TM: If we talk design strategy, I think what has been at the heart of Philips and Philips Design therefore has been a high design process, which is really the user-centered approach. In essence, it talks about understanding your context, the environment that they’re using a certain product or a certain product category. It then talks about going into conceptual design where you, through testing and learning, keep reiterating on your proposition until you go off and design the actual product or touch points. It’s really the user-centricity and the relevance and the means of meaning to a consumer. How digital has impacted that is, first of all, it has given us tools. We’re able to collaborate and involve customers digitally at a very early stage. We did a project a while back where we really brought a group of consumers together in both Germany and in Spain to inspire us and generate ideas around a new proposition for a kitchen environment. We gave them cameras, and we enabled them on a blog. We asked them to basically capture their life. Capture how they put their groceries in the fridge, how they will go on and prepare the foods. Then we gave them challenges like, “Okay, tomorrow we want you to organize a party and invite six people and do a dinner party.” We asked them to observe and to capture the steps that they would do like going grocery shopping, making a list and doing all these things. Real time, we could then give them another assignment because we wanted to dive deeper into a certain aspect. In the digital space, the whole notion of AB testing and being able to live, try things out and measure and really get a dashboard of what is going on enables you to do something, which I call precision design because the more you know, the more you can see, the more precisely you can make design decisions. Design effectiveness for me is one of the most important aspects. Brand and creating brand preference and brand recognition is a very big part of that. At the same time, in the digital space, you’re facilitating a task for somebody. It’s really about bringing that brand to life across all of the touch points. Taking the user and their experience at the heart of everything that we do and trying to, along that entire consumer journey or customer journey, to try and integrate all of the touch points and really provide the seamless experience around all of them. It’s a very difficult thing to do.

PS: What would your thoughts be to brand leaders where they get a question from the CEO and say, “We don’t know how to deal with digital, we’re not doing a good enough job, deal with it. Tell me what the solution should be.”

TM: Maybe I can just say what helps me because I’m also in that same context and I’m also seeing the overwhelming opportunities and maybe also threats that digital gives. What helps me, is really to, in a way, turn your back on the technology and look at people and put most of your effort in understanding how people and your audience, not people in general, but specifically your audience, how they are interacting with brands and how they’re consuming your product and how they are behaving and how they are using digital. Start there.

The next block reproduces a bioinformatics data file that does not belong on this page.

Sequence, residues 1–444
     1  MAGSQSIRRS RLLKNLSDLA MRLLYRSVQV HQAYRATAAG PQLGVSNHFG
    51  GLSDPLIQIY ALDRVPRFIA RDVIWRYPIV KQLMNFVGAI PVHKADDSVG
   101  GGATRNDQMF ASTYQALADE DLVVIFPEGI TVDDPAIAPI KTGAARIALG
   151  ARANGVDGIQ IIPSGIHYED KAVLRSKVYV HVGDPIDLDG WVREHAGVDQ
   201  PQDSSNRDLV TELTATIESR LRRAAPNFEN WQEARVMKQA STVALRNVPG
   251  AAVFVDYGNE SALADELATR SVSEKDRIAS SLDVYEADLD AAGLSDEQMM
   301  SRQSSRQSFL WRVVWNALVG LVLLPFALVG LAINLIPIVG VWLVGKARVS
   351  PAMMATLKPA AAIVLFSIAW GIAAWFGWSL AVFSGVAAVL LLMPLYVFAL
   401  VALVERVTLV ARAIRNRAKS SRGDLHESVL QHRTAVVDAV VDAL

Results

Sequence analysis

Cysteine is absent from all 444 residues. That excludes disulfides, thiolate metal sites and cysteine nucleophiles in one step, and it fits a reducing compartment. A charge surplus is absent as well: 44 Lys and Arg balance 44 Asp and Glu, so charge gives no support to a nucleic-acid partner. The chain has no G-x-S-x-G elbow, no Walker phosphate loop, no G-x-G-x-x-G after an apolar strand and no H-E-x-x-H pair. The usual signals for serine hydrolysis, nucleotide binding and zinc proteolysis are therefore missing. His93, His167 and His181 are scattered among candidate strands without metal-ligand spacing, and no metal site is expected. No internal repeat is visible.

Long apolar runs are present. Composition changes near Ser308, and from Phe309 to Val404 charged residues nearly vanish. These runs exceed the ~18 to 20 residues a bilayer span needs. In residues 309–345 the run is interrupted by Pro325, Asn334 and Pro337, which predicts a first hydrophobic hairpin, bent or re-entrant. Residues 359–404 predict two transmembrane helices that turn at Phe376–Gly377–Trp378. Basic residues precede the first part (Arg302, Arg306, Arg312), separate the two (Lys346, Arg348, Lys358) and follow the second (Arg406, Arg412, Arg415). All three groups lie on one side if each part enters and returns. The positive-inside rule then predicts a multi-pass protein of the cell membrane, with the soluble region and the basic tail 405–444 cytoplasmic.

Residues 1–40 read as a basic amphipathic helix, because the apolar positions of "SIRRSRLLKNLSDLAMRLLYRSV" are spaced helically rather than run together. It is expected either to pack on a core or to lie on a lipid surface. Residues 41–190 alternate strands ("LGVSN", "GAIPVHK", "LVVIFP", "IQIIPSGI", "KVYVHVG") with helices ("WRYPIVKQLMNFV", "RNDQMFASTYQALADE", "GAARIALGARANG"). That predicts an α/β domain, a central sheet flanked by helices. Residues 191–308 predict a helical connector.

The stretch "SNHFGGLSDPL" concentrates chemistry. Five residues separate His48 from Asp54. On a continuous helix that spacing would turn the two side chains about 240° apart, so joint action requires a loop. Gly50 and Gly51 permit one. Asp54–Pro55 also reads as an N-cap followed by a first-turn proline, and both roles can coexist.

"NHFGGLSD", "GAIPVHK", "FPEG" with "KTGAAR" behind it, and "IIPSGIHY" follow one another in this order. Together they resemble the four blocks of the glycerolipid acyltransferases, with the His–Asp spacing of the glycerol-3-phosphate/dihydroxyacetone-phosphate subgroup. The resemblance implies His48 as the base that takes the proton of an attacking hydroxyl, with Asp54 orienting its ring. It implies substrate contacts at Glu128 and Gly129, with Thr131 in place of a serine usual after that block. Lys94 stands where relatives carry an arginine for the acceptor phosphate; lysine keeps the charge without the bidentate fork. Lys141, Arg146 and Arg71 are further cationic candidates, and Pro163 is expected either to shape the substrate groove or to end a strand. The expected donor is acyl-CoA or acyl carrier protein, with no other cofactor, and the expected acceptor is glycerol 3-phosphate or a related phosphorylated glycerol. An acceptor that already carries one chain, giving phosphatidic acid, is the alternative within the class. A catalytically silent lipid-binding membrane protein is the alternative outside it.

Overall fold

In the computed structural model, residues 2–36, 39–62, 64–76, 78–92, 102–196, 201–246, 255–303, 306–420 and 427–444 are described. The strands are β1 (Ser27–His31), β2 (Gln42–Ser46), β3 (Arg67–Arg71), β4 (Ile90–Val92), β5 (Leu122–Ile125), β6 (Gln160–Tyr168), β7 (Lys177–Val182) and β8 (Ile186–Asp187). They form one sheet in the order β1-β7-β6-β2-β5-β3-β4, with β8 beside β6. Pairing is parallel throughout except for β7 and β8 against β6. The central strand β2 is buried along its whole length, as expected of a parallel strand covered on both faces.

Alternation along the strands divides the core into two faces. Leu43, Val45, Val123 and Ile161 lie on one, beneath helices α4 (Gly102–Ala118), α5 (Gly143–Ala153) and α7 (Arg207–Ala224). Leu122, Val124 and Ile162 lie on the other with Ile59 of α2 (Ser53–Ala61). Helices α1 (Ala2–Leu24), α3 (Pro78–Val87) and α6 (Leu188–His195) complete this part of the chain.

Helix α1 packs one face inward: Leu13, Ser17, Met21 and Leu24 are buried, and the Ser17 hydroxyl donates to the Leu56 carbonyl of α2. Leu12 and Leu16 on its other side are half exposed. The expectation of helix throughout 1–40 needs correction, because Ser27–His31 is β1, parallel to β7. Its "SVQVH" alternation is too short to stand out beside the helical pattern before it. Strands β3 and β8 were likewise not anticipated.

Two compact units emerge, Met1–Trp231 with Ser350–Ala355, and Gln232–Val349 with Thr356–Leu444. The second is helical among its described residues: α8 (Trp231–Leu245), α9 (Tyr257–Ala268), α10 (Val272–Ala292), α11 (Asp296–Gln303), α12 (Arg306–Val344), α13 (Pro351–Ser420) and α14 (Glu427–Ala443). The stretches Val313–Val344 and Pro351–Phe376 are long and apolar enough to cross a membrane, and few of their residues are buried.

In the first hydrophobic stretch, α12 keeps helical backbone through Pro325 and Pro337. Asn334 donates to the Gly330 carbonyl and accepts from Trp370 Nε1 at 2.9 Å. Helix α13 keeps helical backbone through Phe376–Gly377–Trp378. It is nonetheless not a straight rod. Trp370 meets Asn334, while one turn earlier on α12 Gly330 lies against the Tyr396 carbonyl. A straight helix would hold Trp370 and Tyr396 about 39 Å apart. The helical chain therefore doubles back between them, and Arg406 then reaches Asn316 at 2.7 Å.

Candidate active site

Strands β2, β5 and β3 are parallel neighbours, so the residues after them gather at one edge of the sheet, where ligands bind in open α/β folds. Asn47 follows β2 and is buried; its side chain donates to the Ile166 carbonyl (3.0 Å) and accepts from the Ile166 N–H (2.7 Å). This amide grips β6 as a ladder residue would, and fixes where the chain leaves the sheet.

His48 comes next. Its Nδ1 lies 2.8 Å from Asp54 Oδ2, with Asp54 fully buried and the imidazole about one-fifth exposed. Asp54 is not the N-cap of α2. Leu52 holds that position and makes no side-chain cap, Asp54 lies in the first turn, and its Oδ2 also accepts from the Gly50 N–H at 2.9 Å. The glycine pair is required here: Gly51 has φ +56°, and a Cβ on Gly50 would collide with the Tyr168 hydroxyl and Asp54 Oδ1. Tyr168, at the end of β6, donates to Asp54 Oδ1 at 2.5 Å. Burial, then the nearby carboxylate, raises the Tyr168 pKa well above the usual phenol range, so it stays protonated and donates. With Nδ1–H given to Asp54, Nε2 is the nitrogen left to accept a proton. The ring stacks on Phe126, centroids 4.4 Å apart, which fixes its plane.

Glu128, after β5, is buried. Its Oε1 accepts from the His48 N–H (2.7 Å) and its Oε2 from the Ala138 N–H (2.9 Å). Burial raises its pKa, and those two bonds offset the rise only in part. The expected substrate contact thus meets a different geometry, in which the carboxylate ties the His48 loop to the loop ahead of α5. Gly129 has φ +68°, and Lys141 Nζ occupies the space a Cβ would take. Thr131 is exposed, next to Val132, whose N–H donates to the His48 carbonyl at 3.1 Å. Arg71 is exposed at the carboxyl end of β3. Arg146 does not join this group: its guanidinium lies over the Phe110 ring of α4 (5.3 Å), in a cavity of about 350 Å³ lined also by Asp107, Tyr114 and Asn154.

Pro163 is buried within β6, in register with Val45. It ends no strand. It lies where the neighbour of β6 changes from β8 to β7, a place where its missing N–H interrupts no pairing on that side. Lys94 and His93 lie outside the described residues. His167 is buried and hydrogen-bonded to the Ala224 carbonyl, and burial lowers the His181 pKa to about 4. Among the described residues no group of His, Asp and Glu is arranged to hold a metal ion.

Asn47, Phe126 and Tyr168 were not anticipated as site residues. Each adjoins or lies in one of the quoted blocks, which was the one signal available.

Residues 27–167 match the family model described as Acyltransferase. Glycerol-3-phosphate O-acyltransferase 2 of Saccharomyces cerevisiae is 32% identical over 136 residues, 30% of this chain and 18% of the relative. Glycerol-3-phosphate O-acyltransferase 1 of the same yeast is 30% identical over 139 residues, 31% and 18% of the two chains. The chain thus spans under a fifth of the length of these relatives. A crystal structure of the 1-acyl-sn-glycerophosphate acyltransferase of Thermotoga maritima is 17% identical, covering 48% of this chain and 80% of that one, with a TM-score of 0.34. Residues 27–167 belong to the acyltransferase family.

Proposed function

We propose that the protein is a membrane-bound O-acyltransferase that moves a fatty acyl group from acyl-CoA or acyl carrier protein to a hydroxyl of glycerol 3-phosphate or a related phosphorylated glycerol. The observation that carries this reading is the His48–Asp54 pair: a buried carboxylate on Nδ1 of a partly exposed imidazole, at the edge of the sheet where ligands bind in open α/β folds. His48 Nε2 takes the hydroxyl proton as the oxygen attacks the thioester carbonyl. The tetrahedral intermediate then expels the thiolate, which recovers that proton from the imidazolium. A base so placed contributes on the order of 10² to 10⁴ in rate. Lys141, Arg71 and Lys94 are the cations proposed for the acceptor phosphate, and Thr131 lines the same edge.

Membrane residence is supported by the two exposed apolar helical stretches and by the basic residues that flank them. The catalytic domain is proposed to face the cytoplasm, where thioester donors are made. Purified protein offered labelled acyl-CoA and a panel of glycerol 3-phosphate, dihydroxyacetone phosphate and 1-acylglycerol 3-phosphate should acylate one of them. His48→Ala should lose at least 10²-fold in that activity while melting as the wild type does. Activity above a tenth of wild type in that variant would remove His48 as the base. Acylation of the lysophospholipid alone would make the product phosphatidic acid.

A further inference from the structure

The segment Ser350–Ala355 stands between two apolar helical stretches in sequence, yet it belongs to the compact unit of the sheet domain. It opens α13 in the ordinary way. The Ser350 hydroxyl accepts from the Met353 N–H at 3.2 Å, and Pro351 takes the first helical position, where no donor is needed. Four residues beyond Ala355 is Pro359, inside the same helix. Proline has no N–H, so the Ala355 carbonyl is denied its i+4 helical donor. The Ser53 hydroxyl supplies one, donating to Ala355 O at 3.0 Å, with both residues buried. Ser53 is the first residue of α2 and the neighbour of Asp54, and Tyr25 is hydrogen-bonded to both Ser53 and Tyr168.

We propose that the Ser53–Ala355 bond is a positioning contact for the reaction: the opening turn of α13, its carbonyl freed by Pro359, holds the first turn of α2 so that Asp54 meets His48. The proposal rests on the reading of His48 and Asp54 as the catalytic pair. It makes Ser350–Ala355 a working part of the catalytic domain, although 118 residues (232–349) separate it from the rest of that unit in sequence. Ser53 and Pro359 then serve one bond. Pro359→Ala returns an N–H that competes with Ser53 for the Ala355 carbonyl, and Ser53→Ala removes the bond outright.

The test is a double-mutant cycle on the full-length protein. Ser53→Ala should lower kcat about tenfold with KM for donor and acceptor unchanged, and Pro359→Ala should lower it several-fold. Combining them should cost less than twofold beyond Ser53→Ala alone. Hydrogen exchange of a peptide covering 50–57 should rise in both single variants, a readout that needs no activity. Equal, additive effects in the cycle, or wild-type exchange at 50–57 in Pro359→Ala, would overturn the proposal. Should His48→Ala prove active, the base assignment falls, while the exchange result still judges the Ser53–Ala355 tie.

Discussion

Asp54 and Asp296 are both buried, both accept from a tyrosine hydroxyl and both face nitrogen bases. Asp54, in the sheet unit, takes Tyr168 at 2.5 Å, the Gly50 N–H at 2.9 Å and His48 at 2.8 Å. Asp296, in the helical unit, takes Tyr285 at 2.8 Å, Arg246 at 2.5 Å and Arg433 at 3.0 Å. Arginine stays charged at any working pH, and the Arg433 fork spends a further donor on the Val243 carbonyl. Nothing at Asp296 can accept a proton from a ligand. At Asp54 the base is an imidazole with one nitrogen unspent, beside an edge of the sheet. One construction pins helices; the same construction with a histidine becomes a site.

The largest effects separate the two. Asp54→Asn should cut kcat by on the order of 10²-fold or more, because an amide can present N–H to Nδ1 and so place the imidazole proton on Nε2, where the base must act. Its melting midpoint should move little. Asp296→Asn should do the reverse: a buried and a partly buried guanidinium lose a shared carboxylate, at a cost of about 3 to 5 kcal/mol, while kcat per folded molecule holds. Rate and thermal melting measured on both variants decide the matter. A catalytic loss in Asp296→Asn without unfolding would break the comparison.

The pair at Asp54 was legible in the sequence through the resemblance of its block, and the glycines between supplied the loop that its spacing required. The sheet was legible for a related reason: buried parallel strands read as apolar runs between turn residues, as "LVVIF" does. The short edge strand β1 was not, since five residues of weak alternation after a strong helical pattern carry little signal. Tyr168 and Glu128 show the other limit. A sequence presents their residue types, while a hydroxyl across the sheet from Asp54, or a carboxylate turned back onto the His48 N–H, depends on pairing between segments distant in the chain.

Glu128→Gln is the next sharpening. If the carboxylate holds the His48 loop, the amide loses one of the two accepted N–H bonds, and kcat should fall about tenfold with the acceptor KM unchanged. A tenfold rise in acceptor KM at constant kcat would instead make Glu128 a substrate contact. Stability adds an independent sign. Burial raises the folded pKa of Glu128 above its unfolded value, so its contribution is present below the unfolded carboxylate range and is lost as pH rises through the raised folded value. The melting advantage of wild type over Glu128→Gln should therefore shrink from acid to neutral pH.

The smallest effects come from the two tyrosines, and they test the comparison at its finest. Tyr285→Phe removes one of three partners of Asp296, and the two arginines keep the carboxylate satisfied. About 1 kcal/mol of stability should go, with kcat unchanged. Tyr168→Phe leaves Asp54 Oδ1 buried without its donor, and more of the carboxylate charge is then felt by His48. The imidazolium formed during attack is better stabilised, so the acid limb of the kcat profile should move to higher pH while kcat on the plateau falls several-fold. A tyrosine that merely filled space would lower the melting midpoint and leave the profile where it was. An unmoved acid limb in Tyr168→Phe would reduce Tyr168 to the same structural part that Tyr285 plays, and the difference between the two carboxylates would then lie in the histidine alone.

PS: You think there are some brands or professionals that get caught up in the “I need to understand how I can use Facebook, for example, for my brand”, rather than the question of saying “How are my consumers attracted to whatever platform?”

TM: Absolutely. To be honest, to be also a little bit critical, maybe to a lot of the consultancies that I see and a lot of the agencies that I see, is that they get caught up in that as well. They find themselves also promoting a certain tactic on a Facebook platform or on a Twitter feed without really consulting on a higher level of what a brand or a company should try to achieve. Talk about your target audience. Understand them and design, that’s what I’m so passionate about, design as well. Design that experience that you want to give them. Even if it’s a really, really small one.

PS: Do you feel that some brands are not deciding that certain directions are right for them, but struggling in terms of conceptuality?

TM: I think a lot of brands are struggling and are having difficulties in making decisions. The reason is because we’re still in an evolution related to digital, I think the bigger brands are still going through growing pains. I think digital-native employees like myself for example, are slowly having more influence in organizations and therefore, you see much more maturity in the last couple of years than maybe five years back. It will still take time and I think a big part of success in digital, is leadership in the end. Leadership is when you really know it as a brand, what you want to do and what you stand for. I’ve seen too many brands falling in the trap of “We need to buy this knowledge” and of course there’s a lot of agencies out there that as soon as the buzz with social or mobile media came out, they stick it on their CVs and on their portfolios. The trap is then for brands that are trying to buy this knowledge and buy this leadership. I’m a true believer that in ten years, everybody will be digital. We can scrap the word digital, I guess. I’m a firm believer that one of the things that as brands, we need to start to do so to move beyond having to activate something in marketing, how do you service a customer experience, how do you turn your employees into your brand ambassadors? Because that will be your long-term digital brand.

Article published on InterBrand IQ

Read the full IQ Magazine here